Tuesday, February 21, 2006


So, I gotta post some pics of her now.

Dealing Dogs Documentary

If you get HBO, do yourself a favor and watch "Dealing Dogs." [1]
It's a documentary on the industry of buying and selling dogs to medical research labs. What happens is a bunch of people buy large numbers of dogs from breeders, or they adopt, or they steal pets from owners. Then, they sell the dogs for $10-20 a head to these dog kennels... eseentially dog death camps. The dogs that are lucky enough to not stave to death, freeze to death, or get eaten by other emaciated dogs end up getting sold in batches to medical research labs. The documentary is pretty disturbing, but it follows this kid who has more or less devoted his life to infiltrating these operations and filming, recording, and photographing everything. The kid worked for one of the kennels for almost a year, gathering evidence against it. That kind of devotion deserves some respect.

If you want to help out the dogs and other animals, you can go to [2] and see what you can do. This organization, "Last Chance for Animals" is the group that sponsored the undercover investigation and pursued the legal action against the kennel that the documentary is about.

So help me God, if anyone ever steals Daisy and sells her to one of those places...

[1] http://www.hbo.com/docs/programs/dealingdogs/index.html
[2] http://www.lcanimal.org/

Monday, February 13, 2006

Late night observation

Depressing or not. Red flag raised. Suicide watch.
Whatever the case, its hard for me to not realize at this point that there isn't a whole lot of meaning to all of this. We're all marching towards the same end. The same ultimate death and disintegration. What reason is there to believe that there really is an afterlife? The flying spaghetti monster theory[1] kind of hammers this point home. Absurdity is something most people are afraid to point out. Emptiness is something most people are afraid to embrace. But what is there then? Why do we push through this life of suffering when deep inside we're all afraid to admit that we're really so alone its scary?

Honestly, its because we all find ways to escape. Whether love, of joy, or mind altering substances... those of us with these revelations burned in our minds search for ways to distract ourselves from the sobering, sickening truth that seems to saturate our lives. I like to think that there is a good reason to stand up against the absurdity. I get satisfaction from defying it. From staring into the dark abyss and showing that I want to live this life whether or not it means anything. To hell with the emptiness. To hell with the unknown. I'd rather embrace hope than give into sorrow. But what is hope other than cheap escapism? There has to be a better cause...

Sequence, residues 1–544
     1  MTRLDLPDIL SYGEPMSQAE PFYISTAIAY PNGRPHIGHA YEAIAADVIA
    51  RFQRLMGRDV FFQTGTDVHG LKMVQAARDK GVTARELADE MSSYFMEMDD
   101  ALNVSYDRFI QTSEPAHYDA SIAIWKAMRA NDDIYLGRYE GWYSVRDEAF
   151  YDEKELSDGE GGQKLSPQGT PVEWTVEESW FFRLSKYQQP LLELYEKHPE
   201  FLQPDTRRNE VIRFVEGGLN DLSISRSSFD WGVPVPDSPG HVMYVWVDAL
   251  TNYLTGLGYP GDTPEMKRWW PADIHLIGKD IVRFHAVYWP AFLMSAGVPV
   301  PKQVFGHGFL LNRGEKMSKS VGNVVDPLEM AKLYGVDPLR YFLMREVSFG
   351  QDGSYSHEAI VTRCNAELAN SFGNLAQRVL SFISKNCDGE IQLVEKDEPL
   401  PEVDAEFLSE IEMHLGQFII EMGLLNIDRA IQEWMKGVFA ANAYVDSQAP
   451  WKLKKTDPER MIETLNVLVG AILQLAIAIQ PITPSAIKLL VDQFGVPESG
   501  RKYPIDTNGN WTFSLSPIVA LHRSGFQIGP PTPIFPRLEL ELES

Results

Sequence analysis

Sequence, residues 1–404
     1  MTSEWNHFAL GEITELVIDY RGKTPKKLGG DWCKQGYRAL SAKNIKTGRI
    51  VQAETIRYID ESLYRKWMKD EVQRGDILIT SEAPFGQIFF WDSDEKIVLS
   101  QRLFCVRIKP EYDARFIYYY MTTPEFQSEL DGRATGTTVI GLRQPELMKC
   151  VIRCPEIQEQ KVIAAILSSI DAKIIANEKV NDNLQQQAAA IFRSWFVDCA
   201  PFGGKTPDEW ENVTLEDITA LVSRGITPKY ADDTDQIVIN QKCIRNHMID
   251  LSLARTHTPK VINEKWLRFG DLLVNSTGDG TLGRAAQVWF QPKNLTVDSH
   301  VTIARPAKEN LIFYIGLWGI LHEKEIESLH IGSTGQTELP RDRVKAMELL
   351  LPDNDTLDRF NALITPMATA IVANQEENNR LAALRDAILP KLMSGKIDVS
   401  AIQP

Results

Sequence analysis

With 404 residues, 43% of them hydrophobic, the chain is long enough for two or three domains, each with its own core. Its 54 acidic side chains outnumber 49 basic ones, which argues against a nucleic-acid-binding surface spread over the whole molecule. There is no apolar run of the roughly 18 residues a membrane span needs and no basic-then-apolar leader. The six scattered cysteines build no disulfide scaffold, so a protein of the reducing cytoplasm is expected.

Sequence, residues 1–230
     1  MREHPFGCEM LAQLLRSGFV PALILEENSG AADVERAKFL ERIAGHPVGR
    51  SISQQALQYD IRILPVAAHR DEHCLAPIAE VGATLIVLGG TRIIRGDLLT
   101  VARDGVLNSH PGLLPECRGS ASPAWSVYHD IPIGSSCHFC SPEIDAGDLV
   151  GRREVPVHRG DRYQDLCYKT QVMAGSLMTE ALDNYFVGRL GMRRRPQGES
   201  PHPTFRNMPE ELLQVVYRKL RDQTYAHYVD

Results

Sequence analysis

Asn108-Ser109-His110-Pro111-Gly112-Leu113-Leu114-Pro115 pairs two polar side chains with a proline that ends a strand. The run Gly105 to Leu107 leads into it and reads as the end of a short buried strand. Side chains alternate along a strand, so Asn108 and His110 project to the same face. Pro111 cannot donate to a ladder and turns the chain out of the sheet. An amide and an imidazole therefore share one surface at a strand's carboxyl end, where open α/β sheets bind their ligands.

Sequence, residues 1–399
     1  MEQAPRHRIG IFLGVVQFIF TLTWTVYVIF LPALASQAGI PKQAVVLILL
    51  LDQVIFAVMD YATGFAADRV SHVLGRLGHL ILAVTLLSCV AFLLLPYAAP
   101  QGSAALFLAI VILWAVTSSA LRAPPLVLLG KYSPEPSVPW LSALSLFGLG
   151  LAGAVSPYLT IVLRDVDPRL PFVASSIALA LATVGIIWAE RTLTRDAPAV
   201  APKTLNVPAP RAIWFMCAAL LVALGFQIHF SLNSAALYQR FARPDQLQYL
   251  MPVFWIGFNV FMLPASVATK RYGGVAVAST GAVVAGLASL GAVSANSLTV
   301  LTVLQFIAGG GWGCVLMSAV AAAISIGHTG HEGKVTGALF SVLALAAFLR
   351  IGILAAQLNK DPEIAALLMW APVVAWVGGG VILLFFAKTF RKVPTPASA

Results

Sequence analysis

Assume the worst: life is meaningless...
Ask yourself: Is life worth living?
Your answer is your own... but you have to first choose the attitude with which you will answer. The choice reduces to one of submission or rebellion. Submission is acceptance. Rebellion is defiance. To me, the manifestations of submission are apathy and sorrow. Don't submit to your fate. If you do, I can't imagine how you could ever carry on.

Rebel. Defy against your condition. To me, the manifestation of rebellion is passion in the face of the absurd. This passion is not based on hope, promise, or anything other than the sense of defiance against one's condition. As you face your own moments of depression... as you face your own fate of endlessly rolling these boulders up the mountain only to see them roll back to the valley, over and over again. You have a choice. A moment to reflect and make a decision. For a moment, everything is clear. You become cognizant of your condition. You have the opportunity to choose between submission or rebellion. I choose defiance... without any justification, I choose to continue down the hill to meet my one truth: my fate, the absurd, the boulder. I don't imagine myself happy. I imagine myself content with the awareness of the truth, and I imagine myself fulfilled by passion in the face of the absurd.

This choice of submission or rebellion is entirely dependant on being truly aware of the question. This leads me to bring up the issue of lucidity and escapism. Life presents us with many opportunities to escape. Chances to hide. Hope is an escape. It is a way of masking the sorrow that is typically the initial reaction to those moments when the absurd condition becomes clear. Those who make leaps to find reasons to hope are hiding from the question of life and death. Hiding from the lucidity of that which is certain: the absurd. Then how does one carry on? In the face of the absurd. Without hope? What do we embrace? Passion. Passion and defiance.

(1) http://www.venganza.org/
(2) These thoughts were inspired by the works of Albert Camus and his work "The Myth of Sisyphus"